Pine Avenue Pier, Long Beach, 1905-1934

Some fish reports and pictures about the Pine Avenue Pier, Long Beach

A big run of five and six-pound albacore at Long Beach wharf kept the hand-liners busy at that point, and turned the outer end of the wharf into shambles, literally slippery with fish gore. These small albacore frequently come close inshore, but are of little use except upon the hook, like all the mackerel tribe they put up a tremendous fight, and give the man behind the rod a good time. Los Angeles Times, February 28, 1905

This Crawfish A Grand-Dad — Mammoth Redjacket Taken At Long Beach — Huge Specimen is Taken by Veteran Fisherman With Line Thrown From The Pier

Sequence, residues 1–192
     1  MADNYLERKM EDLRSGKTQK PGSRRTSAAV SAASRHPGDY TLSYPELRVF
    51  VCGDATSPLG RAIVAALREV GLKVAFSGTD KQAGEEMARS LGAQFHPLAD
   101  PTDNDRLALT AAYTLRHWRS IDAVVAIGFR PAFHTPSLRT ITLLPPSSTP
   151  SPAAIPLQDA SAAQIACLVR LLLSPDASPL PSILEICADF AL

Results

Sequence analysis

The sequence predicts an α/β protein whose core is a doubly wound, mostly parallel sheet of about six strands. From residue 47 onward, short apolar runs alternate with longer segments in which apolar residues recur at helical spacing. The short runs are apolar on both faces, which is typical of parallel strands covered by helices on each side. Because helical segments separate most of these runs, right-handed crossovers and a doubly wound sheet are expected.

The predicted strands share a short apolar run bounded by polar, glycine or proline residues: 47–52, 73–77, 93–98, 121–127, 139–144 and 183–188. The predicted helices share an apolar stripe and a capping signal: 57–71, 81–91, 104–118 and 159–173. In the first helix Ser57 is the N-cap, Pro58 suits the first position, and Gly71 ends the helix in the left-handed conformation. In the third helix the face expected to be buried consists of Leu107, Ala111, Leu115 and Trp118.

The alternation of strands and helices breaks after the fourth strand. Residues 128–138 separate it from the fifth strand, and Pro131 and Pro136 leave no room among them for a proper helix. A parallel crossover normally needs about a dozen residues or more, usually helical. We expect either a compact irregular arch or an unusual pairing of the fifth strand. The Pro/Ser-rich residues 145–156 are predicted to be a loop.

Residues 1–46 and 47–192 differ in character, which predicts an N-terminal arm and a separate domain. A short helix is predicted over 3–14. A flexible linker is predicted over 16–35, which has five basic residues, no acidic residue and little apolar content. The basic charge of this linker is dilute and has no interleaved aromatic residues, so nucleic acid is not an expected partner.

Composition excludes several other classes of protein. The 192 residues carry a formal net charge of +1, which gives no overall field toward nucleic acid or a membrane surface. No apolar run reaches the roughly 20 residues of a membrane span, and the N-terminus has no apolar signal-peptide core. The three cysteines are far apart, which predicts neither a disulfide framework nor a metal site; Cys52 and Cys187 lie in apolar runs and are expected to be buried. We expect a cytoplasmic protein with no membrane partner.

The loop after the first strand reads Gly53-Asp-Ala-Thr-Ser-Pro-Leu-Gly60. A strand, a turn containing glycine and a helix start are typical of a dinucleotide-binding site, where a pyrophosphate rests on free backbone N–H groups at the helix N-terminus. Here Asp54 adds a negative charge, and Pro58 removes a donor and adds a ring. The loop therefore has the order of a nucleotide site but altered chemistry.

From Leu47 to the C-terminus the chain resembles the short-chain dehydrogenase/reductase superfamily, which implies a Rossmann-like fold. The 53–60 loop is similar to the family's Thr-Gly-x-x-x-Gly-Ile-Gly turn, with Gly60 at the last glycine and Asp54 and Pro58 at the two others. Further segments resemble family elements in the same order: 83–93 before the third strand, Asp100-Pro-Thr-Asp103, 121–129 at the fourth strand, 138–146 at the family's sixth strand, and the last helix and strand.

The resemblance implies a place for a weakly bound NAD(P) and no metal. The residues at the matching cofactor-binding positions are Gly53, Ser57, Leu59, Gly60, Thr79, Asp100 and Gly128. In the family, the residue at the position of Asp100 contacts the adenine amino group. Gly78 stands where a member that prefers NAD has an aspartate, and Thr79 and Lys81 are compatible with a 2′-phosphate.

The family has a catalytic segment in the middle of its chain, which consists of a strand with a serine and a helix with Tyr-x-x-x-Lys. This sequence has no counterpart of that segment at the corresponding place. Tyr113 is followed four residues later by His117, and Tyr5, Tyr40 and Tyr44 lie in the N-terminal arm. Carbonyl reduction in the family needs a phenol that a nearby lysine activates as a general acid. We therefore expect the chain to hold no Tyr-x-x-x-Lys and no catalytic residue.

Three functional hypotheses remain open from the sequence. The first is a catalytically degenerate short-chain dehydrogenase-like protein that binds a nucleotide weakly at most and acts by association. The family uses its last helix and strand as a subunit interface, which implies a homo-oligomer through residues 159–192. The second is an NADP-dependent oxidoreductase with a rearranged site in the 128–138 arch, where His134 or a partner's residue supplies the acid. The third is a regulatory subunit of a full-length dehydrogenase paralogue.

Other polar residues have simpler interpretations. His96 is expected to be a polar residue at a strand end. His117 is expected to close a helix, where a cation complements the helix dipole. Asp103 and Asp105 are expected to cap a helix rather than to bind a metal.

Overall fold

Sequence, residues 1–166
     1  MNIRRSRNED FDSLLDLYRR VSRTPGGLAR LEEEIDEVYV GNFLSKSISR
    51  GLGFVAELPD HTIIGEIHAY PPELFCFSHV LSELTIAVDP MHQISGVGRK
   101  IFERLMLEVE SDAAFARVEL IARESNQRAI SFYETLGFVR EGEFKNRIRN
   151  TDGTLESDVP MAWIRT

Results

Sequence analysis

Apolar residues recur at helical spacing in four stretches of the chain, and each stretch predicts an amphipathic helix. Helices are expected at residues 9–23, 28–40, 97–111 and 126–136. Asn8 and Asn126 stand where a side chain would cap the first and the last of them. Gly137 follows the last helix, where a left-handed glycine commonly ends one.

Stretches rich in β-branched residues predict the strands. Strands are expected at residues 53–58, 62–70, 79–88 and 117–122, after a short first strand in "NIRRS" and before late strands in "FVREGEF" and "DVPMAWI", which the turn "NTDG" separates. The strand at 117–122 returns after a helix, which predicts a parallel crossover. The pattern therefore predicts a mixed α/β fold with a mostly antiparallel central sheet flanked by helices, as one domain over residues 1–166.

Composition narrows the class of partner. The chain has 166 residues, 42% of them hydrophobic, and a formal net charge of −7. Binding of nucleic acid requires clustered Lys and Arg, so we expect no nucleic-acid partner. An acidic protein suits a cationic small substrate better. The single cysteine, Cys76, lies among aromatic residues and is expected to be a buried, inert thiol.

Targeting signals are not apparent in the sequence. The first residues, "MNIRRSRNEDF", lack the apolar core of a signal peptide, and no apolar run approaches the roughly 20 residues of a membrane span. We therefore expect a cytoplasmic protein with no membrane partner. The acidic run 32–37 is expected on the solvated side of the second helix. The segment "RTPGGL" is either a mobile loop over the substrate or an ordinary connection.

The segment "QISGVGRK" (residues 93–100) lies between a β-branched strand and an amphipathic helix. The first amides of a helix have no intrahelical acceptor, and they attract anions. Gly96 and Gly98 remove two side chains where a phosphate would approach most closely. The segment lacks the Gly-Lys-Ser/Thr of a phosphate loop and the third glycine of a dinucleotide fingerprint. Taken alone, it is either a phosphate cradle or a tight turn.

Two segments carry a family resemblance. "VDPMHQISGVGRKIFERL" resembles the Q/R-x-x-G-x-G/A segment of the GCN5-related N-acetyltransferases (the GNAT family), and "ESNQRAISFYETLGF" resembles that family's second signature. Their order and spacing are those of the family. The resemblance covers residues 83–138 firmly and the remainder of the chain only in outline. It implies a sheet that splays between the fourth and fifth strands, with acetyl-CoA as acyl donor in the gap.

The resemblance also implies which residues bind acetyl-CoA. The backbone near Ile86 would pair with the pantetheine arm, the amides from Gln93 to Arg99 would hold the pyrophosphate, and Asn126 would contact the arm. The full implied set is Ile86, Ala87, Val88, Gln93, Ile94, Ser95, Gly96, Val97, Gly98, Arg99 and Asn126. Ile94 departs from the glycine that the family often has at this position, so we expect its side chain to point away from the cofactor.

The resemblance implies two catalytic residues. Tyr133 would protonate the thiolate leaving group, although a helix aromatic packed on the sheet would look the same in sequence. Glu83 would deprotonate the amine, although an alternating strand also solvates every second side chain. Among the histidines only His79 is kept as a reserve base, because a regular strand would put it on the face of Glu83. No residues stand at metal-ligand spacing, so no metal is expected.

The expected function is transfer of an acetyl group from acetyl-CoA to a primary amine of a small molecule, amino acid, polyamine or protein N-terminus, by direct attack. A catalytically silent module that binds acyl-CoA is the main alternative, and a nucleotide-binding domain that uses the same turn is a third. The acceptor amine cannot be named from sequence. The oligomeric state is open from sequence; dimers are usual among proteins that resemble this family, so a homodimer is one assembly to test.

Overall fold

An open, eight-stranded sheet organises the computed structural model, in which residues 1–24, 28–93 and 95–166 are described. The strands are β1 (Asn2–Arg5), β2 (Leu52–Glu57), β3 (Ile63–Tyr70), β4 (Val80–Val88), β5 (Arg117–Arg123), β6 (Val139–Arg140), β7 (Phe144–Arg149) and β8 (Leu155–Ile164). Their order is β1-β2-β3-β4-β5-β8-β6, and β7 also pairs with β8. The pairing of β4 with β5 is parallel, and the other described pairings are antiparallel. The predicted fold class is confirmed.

Long Beach, July 7.—Frank Deffley, a veteran fisherman who has a stall under the wharf, while hauling in a line last night, thought for a few moments that he was pulling up the bed of the ocean, but when the hook reached near the surface of the water concluded that it was an octopus and began figuring how he could let go without cutting the line, for he had no desire for an encounter with a devil fish. Fortunately it was not, but the monster is undoubtedly the patriarch and great-granddaddy of all the lobsters. It was safely landed and filled a tub made from a half barrel. From the tail to the head measures thirty inches, with a body twenty-four inches in circumference. The main feelers are each over eighteen inches in length and the feet, from which the claws are missing, over a foot long. Its weight is eighteen pounds and its age problematical, but the fishermen who observe lobsters at all, stages think it at least fifteen years old. The monster was presented to the aquarium where it is on exhibition. —Los Angeles Times, July 8, 1905